Creating new paths..
Updated: Jan 11
What effect does mindfulness meditation have on the brain ?
When we sit to meditate it doesn't take too long before we notice we're engaged in a distraction - thinking, planning, day-dreaming, ruminating etc. The more we notice and come back to the present the more we train our mindfulness muscle. But what's happening in the brain?
Imagine you've to go from A to B and there are two options. Your preferred option is the highway where you mindlessly cruise along on auto-pilot. The other option is much shorter but it means crossing a field of high grass. Choosing the field means wading through the grass to create an initial path. However, the more you go through the field the more established the path becomes. The grass gets bent over, trodden on and eventually earth and stones appear - a path is established.
Just as the path is established through the field, our repeated returning to the present moment creates new neural pathways in the brain. Each time we notice we're distracted and return our attention to our breath we make the new neural pathway stronger and we weaken our propencity to be distracted. Like creating a new path through a field, establishing our mindfulness practice requires intention and effort but both may be enriching.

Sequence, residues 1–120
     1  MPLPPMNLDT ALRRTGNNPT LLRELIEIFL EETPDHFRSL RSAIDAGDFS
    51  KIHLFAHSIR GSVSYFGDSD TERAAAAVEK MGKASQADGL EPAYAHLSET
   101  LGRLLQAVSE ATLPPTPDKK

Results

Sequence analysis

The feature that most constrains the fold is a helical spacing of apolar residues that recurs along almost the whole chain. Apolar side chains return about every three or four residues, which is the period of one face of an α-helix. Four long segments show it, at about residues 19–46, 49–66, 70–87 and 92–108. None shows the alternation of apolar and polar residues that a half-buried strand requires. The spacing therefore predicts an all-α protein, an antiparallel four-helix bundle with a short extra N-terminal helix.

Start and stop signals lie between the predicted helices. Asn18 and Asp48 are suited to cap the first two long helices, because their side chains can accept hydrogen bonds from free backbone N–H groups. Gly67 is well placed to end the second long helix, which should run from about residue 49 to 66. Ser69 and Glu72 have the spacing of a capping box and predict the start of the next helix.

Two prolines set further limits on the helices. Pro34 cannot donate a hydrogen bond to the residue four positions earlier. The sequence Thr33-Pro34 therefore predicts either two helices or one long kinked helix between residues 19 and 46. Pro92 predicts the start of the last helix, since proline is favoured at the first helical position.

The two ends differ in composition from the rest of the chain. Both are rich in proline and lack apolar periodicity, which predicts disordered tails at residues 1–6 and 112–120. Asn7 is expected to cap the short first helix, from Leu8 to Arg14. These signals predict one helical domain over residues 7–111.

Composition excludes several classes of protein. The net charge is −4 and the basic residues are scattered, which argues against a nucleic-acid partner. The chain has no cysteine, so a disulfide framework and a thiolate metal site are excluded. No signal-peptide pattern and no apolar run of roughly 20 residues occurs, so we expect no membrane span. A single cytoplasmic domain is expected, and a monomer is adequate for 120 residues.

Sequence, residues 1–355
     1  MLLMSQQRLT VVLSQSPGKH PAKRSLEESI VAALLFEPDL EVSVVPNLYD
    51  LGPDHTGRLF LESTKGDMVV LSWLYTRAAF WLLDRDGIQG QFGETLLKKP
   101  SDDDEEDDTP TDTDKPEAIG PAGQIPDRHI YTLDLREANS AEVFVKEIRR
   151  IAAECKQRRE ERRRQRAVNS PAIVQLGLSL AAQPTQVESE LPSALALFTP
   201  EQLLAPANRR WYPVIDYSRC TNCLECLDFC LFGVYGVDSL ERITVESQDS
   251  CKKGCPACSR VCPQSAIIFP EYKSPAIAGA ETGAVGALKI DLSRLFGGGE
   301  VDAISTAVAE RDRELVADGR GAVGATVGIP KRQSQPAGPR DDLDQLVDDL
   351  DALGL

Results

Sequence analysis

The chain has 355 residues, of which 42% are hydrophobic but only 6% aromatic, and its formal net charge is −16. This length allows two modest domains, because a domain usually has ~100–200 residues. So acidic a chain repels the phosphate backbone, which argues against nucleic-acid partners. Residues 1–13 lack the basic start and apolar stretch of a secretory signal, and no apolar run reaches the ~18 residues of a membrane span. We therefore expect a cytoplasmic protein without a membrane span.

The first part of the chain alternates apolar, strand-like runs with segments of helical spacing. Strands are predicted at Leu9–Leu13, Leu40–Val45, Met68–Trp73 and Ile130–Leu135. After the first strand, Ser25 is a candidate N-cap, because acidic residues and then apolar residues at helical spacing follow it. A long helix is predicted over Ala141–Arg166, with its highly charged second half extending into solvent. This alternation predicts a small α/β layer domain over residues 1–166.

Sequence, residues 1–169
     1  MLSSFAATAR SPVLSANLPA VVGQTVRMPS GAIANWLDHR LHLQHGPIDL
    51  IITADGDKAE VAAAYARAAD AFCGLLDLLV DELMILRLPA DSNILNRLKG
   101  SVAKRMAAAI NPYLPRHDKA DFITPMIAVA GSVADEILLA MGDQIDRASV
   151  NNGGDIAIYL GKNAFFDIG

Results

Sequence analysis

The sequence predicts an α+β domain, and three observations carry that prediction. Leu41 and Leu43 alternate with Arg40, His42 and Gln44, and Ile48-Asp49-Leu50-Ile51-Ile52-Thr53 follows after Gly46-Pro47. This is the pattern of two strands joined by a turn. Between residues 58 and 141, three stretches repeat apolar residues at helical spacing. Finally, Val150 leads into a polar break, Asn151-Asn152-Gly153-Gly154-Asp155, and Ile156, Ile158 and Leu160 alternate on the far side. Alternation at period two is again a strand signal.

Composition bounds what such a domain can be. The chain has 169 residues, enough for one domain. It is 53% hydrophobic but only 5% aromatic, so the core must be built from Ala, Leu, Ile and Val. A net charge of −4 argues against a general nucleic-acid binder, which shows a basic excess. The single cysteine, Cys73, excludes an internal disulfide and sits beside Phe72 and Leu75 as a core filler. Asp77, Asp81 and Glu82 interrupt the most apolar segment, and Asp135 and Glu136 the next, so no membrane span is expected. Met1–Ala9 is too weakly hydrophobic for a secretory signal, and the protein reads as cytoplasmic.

TIP: notice when you become distracted and return your attention to the breath - just like training your muscles in the gym making them stronger with each repetition. you're training your mindfulness 'muscle' by returning your attention to the present moment.